“So what?” He asked me while I vehemently complained in my mind about how I had been wronged. “You haven’t been wronged like I’ve been wronged,” He gently, but pointedly, reminded me. “Does your suffering really compare to Mine? Are you sinless and therefore undeserving? Can you be like Me in your heart and trust that there is purpose in this?”
On occasion, I hear Jesus in my mind. It’s not audible, dramatic, overwhelming, or even mystical. It’s just like Elijah heard it: “a still small voice”. To be honest, it’s almost unremarkable. The only reason I know it’s Him is because when He speaks to me this way, His message typically doesn’t align with what I’m thinking or feeling in the moment and it’s always attached to a thought from Scripture.
The earlier conversation with God happened after an argument with my husband. I was indignant because I had felt unfairly judged. I honestly can’t remember what the argument was about, but I remember praying angrily to God while violently hanging up clothes in my closet.
On occasion, I hear Jesus in my mind. It’s just like Elijah heard it: “a still small voice”
His words quickly deflated the injustice that fuelled my silent rant though. I realised that it was my pride that had been so deeply wounded. Could I choose to respond in humility and allow God to work things out — or would I work to make sure that I vindicated myself?
Humility is an attribute of Jesus that I desire with all my heart — and yet fight with every fibre of my being. The problem is my desire to be like Jesus is what He wants for me; however, the desire to be loved, accomplished, right, and understood by others is what my flesh wants for me. In his letter to the believers in Philippi, Paul says this of Christ:
Who, being in very nature God, did not consider equality with God something to be used to His own advantage; rather, He made Himself nothing by taking the very nature of a servant, being made in human likeness. And being found in appearance as a man, He humbled Himself by becoming obedient to death—even death on a cross! Philippians 2:6-8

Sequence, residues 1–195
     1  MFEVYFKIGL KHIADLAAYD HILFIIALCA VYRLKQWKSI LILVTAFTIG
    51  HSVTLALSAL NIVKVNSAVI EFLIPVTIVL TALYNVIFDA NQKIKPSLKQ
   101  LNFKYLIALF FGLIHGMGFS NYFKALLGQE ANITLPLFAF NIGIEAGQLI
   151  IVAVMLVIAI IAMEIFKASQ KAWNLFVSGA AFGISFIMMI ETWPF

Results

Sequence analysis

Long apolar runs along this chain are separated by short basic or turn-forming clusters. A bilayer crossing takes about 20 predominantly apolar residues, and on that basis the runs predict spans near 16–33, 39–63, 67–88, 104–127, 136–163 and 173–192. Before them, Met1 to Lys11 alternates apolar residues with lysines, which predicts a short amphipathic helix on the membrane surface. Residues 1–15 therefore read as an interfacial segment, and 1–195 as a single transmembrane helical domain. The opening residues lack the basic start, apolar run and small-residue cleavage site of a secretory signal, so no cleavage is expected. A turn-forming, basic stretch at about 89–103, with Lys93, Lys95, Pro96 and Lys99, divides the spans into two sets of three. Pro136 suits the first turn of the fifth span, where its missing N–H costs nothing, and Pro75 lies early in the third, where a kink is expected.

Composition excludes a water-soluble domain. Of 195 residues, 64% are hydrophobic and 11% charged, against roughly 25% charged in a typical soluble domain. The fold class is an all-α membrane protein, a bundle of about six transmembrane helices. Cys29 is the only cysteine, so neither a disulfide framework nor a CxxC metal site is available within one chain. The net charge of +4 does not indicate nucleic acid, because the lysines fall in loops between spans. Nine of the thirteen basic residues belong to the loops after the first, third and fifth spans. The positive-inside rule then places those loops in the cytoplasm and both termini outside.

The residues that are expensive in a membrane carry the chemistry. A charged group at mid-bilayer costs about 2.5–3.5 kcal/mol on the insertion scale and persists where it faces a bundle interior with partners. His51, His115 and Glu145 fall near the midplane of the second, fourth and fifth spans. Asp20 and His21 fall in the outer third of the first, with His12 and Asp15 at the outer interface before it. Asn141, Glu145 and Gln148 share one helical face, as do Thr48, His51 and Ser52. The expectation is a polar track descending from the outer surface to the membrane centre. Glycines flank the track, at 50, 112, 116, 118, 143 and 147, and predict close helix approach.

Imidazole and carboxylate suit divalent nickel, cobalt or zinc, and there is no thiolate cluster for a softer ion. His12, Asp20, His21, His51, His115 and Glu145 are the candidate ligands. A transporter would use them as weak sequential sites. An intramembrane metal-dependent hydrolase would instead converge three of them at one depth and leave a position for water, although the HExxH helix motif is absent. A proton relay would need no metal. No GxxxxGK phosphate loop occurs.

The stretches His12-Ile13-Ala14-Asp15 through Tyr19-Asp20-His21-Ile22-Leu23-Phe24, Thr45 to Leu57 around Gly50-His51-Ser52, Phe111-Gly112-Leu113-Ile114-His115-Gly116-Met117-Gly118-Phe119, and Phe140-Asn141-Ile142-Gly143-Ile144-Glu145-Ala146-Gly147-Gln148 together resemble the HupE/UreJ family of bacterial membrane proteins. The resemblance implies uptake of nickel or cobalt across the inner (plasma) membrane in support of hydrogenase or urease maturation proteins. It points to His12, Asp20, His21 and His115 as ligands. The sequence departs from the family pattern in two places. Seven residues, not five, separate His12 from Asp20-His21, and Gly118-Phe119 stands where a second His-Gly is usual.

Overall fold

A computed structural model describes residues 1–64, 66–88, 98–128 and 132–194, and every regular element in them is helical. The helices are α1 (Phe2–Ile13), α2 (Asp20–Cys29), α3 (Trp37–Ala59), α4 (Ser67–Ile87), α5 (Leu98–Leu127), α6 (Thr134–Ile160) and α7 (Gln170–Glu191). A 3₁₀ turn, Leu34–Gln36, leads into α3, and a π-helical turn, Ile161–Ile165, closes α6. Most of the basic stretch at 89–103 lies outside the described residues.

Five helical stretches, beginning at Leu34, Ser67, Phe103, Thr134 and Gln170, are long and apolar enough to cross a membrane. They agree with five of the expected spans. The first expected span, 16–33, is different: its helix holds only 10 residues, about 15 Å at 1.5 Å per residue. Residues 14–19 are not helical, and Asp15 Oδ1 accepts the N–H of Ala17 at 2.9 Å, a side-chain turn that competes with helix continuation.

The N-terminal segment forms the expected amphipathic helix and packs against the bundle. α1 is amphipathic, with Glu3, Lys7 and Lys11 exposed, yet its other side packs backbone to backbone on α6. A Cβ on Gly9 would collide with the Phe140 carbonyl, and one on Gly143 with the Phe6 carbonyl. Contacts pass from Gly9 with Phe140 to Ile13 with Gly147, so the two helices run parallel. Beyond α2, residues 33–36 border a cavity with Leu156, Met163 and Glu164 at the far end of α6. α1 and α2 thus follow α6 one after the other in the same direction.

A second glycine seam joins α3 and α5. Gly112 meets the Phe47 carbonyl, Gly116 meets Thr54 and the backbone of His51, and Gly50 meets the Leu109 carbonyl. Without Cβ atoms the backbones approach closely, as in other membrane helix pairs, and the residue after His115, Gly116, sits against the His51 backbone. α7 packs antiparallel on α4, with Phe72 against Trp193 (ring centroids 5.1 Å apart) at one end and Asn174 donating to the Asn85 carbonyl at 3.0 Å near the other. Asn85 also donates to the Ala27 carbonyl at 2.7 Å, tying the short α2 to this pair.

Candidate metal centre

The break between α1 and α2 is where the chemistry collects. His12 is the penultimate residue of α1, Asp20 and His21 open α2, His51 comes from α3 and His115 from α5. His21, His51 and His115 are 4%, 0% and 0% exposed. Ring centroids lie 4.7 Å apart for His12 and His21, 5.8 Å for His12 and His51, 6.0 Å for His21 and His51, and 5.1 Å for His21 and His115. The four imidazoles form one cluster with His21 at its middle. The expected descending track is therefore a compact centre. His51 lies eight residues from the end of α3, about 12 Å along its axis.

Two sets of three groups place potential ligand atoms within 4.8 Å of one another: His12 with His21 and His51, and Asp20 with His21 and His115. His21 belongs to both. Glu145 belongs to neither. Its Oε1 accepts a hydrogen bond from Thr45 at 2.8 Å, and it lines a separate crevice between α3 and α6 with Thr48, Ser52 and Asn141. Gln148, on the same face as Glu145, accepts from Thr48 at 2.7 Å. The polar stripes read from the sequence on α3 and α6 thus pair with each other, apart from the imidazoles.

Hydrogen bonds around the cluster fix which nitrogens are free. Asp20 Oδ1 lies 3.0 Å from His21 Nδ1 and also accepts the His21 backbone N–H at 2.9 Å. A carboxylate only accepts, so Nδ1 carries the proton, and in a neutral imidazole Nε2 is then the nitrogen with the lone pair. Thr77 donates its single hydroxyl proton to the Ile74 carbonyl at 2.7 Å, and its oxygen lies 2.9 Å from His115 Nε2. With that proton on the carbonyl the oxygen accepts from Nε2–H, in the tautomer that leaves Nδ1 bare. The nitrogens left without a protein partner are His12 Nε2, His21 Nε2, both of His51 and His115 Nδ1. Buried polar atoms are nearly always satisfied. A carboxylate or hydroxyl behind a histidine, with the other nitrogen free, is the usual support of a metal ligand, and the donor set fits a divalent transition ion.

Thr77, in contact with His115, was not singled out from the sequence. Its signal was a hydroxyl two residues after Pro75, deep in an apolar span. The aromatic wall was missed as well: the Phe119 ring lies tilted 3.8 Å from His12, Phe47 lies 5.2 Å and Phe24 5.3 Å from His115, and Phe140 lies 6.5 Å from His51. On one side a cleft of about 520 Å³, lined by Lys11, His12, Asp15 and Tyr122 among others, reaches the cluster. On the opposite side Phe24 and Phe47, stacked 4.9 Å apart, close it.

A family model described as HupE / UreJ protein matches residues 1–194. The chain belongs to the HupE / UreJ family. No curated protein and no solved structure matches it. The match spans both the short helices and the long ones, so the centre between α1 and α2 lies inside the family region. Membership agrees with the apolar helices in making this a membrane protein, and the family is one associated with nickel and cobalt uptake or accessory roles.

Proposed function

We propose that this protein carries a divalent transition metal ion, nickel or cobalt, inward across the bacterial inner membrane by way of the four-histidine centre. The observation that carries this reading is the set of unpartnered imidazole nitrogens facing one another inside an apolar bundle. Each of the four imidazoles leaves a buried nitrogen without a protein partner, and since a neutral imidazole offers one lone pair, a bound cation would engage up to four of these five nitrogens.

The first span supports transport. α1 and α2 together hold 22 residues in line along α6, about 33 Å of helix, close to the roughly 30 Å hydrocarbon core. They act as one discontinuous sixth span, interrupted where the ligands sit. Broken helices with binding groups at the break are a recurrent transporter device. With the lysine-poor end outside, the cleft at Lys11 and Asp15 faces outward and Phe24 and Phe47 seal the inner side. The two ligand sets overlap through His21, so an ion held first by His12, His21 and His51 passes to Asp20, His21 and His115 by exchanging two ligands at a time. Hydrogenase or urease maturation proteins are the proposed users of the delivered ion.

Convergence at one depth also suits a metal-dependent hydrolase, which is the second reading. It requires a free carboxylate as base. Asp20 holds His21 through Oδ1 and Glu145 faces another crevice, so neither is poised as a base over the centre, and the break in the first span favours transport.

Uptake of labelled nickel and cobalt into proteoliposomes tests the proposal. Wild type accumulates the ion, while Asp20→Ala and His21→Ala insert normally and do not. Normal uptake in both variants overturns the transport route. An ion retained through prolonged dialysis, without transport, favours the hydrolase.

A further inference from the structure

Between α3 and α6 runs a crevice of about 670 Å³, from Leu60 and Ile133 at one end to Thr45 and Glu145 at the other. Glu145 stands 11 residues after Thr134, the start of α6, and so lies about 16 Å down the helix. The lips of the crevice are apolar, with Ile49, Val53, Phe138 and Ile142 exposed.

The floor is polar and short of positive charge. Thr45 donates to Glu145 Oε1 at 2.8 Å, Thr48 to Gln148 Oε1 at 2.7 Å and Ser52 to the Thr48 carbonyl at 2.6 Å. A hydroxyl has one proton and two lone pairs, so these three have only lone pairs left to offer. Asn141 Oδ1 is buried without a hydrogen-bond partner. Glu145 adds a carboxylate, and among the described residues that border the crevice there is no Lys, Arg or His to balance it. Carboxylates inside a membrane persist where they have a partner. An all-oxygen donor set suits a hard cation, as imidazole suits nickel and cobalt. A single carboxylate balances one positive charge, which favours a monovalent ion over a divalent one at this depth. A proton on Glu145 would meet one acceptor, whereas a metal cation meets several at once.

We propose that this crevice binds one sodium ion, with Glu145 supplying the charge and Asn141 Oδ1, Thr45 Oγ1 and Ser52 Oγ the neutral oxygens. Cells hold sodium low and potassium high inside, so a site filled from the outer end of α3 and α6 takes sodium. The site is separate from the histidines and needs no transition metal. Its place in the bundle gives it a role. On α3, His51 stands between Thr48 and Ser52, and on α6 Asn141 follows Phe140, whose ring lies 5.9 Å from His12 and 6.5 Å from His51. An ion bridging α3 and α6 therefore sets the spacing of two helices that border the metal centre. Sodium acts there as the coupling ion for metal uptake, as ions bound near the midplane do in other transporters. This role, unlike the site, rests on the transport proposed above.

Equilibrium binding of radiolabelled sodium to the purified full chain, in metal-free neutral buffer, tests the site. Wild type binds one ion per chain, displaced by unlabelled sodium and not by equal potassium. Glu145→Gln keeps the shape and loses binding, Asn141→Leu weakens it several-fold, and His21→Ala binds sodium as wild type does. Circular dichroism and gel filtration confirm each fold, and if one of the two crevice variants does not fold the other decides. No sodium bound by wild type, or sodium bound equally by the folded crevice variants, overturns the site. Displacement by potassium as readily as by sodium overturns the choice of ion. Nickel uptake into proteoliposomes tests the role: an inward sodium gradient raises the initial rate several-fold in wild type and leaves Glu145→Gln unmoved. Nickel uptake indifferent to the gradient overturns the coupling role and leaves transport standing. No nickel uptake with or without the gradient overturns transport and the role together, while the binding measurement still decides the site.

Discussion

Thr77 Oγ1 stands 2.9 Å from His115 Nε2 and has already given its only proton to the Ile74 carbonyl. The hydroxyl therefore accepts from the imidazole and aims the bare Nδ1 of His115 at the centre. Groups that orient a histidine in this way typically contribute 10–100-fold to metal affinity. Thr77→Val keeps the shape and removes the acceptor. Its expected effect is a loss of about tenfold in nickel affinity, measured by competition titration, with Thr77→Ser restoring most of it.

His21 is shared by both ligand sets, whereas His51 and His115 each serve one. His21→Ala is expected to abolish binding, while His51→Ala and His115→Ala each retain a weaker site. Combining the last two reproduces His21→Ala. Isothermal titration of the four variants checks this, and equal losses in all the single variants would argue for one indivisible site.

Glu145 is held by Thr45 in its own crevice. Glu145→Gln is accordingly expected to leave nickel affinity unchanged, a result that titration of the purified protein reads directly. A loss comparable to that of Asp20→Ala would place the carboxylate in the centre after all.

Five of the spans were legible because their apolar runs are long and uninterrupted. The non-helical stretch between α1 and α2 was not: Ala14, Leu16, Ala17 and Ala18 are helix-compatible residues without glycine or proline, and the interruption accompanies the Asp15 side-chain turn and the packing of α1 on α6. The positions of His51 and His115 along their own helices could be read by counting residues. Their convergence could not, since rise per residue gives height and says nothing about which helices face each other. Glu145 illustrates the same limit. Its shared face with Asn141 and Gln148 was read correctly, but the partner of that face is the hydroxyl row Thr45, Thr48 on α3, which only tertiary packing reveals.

Also in the book of Isaiah, Isaiah prophesies about Jesus and describes Him like this:
I offered my back to those who beat me, my cheeks to those who pulled out my beard; I did not hide my face from mocking and spitting. Because the Sovereign Lord helps me, I will not be disgraced. Therefore have I set my face like flint, and I know I will not be put to shame. Isaiah 50:6-7
I can’t get over the magnitude of what Scripture says. Jesus, who is Sovereign God, Creator and Sustainer gave up His glory and status for His undeserving, rebellious, ungrateful creation. He allowed Himself, without complaint, to be disgraced in order to save us. I marvel at His strength. Only a powerful person can love others without concern of repayment.
Only a powerful person can love others without concern of repayment
Jesus did not need or receive anything from mankind. He was never a people pleaser, as if that would afford Him some higher standing among men. Every act of humility and sacrifice was fuelled by love and the knowledge of Who He is in the Godhead. He never doubted His identity as the Son of God nor did He doubt that God would glorify Him in due time. His desire was to accomplish the will of God — it was more powerful than self-interest or self-preservation.
As children of God, we are asked to imitate Him in His humility. The redeemed have an equally glorious inheritance awaiting them. We are loved with a perfect love by the Sovereign Creator. When we choose to humble ourselves instead of avenging ourselves, we hand the controls over to God. Shall not the Judge of all the earth do right (Genesis 18:25)?
It is an act of faith to lay down our rights for others, but it is also an act of worship. However, like Christ, it must be done willingly in response to our love for God not because we fear what man can do.
In what relationships is God asking you to back down? Does the Saviour ask too much?
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